Judge Damon J. Keith is a Senior Judge on the United States Court of Appeals for the Sixth Circuit. Nominated by President Jimmy Carter in 1977, Judge Keith has served on the court for 40 years. Judge Keith’s story, however, did not begin there.
Damon J. Keith was born in Detroit, Mich., as the youngest of six children to Annie and Perry Alexander Keith. He grew up watching his father struggle to support their family by working a factory job with Ford Motor Co. His father, who would sometimes come home with burns and scars on his face from work, did not want his son to experience the same struggles and encouraged Keith to attend and finish college. And Keith did not disappoint! He was the first in his family to attend college.
Keith graduated from West Virginia State College in 1943 and was then drafted into the military. His experiences in the segregated Army bolstered his interest in civil rights. Keith attended the famed Howard Law School, the incubator law school for civil rights giants including the chief strategist behind Brown v. Board of Education. He graduated in 1949 with his J.D. and fierce dedication and passion for justice and equality. Among his professors was the future U.S. Supreme Court Justice Thurgood Marshall.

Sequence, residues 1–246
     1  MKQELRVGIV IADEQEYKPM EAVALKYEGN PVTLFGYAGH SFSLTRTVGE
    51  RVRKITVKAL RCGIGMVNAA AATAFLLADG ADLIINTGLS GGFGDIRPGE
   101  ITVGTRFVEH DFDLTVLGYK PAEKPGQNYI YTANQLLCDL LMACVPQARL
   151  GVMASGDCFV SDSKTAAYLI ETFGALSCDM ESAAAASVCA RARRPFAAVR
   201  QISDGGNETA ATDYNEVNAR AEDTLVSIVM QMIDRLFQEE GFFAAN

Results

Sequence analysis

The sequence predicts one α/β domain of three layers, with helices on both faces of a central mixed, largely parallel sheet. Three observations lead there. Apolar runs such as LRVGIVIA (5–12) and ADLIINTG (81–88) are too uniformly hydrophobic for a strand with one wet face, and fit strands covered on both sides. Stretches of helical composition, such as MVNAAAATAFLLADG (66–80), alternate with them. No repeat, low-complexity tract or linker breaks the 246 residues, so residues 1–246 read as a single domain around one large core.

Keith worked his way through law school as a janitor cleaning restrooms in the Detroit News building, grasping at moments during his lunch break to study for the bar exam. One day, while holding a law dictionary in one hand and his sandwich in the other, he was approached by a white reporter. The reporter asked, “What are you reading?” to which Keith replied, “A law dictionary,” and further explained that he was going to be a lawyer. The reporter, openly perplexed at the sight of a young black man professing that he one day would become a lawyer, advised Keith that he had “better keep mopping.” To the benefit of the justice system and civil rights, Keith did not just keep mopping; rather, he became more determined to pursue his dream to become a lawyer — and what a lawyer he became.
Keith did not just become a lawyer, either. In 1964, despite the then-racial climate and ongoing struggles of the black attorney, Keith established his own law practice with four other African American attorneys: Keith, Conyers, Anderson, Brown & Wahls. While working in his successful law firm, Keith became active with the Democratic Party, consistently using his political clout to help his community. He used his skill and prowess through politics to uplift his community socially, politically, and economically. He always had, as a moral imperative, the words of Howard Law School Professor and Dean Charles Hamilton Houston: “A lawyer is either a social engineer or a parasite on society.”